parables v policies


It has been a year since we buried my old mum. Hers was the last local funeral performed by the Reverend Ken Parker.

How she loved Father Ken: a priest of great warmth, wit and intellect. I’ve a sneaking suspicion she timed her departure to catch him before he left the district for his coastal retirement retreat.

The diocese still hasn’t replaced him, installing in his stead a rather elderly locum.

The word down the aisles is that the church believes a dedicated minister is a luxury the community cannot afford.

Now, I’m not a church-goer myself, but I’d have thought a man (or indeed a woman) in a smock was a pretty basic requirement for leading what is by today’s standards a fairly healthy sized congregation.

But apparently priests’ insurance premiums have gone through the roof and it is not just because of the number of sexual abuse cases brought by members of the community, but because of the risk the clergy themselves face in going about their business.

An unreported court case in 2012 dramatically redefined churches of all faiths’ responsibility toward members of the ministry. It followed a former member of the clergy of the Diocese of Gippsland suing the local bishop and regional church trust for failing to provide a safe working environment after he was verbally assaulted and physically threatened by a drug addict and suffered a nervous breakdown.

The question at issue was whether the clergyman was a worker within the meaning of the Accident Compensation Act and entitled to relief under WorkCover.

County Court judge Chris O’Neill found the reverend was a worker and that his employer was the bishop.

The matter was appealed but settled before hearing for a sum undisclosed – reputed to be close to $1 million. It was paid by the church, although it was the bishop who was held liable in lieu of any incorporated entity.

On one hand it seems entirely reasonable that the church, any church, should be safe for all, but it got me thinking about the role of the clergy. Is it not in the job description to try to help the drug-crazed as well as the poor and needy? Is there not a certain element of danger inherent in keeping faith?

In the Bible lessons of my childhood memory, Jesus fed the hungry, ministered to the weak and ill and risked injury to assist people in duress. Where would He be under WorkCover and OH&S laws?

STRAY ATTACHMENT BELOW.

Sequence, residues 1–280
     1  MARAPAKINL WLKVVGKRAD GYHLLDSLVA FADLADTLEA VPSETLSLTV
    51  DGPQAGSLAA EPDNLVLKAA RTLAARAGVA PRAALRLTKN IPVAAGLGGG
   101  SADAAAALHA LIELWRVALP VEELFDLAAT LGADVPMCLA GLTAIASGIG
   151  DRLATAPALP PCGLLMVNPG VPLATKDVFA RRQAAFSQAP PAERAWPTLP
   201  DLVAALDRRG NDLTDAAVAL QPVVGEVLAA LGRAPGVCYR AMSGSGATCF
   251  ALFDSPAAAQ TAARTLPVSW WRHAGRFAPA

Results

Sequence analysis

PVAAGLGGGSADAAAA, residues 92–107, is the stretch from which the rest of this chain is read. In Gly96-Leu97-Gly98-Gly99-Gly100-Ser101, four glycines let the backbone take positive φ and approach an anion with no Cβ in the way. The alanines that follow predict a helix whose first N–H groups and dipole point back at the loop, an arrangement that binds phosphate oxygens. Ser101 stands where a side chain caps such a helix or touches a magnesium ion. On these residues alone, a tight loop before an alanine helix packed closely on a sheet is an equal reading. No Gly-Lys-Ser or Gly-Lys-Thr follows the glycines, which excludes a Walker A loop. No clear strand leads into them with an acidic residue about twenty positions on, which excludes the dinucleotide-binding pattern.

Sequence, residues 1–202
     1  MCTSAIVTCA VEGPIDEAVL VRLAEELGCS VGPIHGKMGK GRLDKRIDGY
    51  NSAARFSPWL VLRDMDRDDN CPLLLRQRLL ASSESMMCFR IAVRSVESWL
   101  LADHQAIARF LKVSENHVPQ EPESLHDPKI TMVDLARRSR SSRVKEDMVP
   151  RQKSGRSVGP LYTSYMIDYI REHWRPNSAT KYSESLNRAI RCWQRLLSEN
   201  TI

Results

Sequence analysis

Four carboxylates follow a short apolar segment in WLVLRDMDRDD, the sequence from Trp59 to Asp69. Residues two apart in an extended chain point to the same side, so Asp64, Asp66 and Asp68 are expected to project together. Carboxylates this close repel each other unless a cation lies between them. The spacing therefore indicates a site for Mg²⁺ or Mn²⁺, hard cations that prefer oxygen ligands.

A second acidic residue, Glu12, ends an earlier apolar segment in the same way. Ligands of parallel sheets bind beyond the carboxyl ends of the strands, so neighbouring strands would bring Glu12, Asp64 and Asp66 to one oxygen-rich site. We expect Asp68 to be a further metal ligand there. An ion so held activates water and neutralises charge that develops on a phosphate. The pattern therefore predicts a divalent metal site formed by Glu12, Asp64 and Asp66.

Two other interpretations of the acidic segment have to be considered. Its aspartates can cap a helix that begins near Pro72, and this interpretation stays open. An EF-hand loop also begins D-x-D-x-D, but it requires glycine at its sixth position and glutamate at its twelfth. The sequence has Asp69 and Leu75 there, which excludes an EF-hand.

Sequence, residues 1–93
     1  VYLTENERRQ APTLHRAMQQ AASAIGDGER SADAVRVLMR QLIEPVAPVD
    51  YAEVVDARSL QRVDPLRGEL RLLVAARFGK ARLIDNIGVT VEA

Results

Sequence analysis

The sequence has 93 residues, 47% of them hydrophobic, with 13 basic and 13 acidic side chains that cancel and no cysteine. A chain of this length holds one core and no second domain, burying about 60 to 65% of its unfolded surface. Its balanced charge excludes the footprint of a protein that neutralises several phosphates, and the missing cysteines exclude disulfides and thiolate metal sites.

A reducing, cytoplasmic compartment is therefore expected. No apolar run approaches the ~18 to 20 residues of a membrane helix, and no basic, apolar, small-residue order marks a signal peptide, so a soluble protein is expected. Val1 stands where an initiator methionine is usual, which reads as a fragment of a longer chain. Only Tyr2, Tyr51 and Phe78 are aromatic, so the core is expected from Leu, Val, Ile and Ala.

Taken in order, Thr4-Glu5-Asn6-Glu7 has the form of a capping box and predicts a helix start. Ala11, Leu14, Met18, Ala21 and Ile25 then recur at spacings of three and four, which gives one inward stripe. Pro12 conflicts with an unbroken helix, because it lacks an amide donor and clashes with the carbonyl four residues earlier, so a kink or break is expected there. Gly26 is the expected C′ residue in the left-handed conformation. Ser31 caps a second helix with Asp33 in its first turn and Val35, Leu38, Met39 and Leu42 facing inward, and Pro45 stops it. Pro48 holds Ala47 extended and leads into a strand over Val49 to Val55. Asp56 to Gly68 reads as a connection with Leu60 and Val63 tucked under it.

Could any number of “caution: wet floor signs” allow for the parting of the Red Sea?

Would He be obliged to say: “Sorry, I don’t do lepers!”.

The other day I watched as two men in high-vis clothes erected a new parking sign outside a government building. It was just a simple matter of unbolting one sign and replacing it with another.

But by the time they cordoned off the area, erected cautionary signs, surveyed the footpath, it took almost half an hour and probably involved several hours and at least half a dozen other people in total, including meetings, requisitions and authorisations.

No one just does anything any more.

You want a miracle? Hang on, just let me convene the miracle sub-committee.

Small wonder Jesus wept.



the gideon meridian


It’s surprising the things you come to count on and, even for a non-believer, the testaments have their time and place. Like who hasn’t played hunt the holy book in some hotel room along the highway of life?

You needn’t be the slightest bit religious to draw some reassurance from finding the ubiquitous tan tome in a country motel room.

It somehow completes the otherworldy experience, like the princess sash on the toilet seat, the little thimbles of long-life milk in the fridge and the airconditioner with a death rattle.

So the absence of the Gideons completely threw me.

Since 1908 Gideons have distributed 1.5 billion of their specially stamped bibles.

Marilyn Monroe pledges to remain faithful to her boyfriend in Gentlemen Prefer Blondes on the bible singing: “I’ll be in my room alone, every post-meridian. And I’ll be with my diary and that book by Mr Gideon.”

Even Rocky Raccoon found one when he checked into his room in the local saloon in the Beatles classic.

But sadly though it appeared in all the motel rooms – both real and imagined – in all the world, the Gideons people hadn’t got round to mine.

After hunting through every drawer and even looking under the bed and the spare blanket and the pillow in the cupboard, I called reception.

The duty manager was affronted. “No, we certainly haven’t removed the bibles. There is one in the bedside drawer in all our rooms,” she insisted.

Invited to come and find it, she arrived at the room and began summarily opening drawers and lifting couch cushions.

Someone must have stolen it. But who on earth would steal a bible?” she wondered aloud.

Improbable as the swiping of the scriptures seemed, I felt this was probably good news.

They can be devils, those visitors to Ballarat!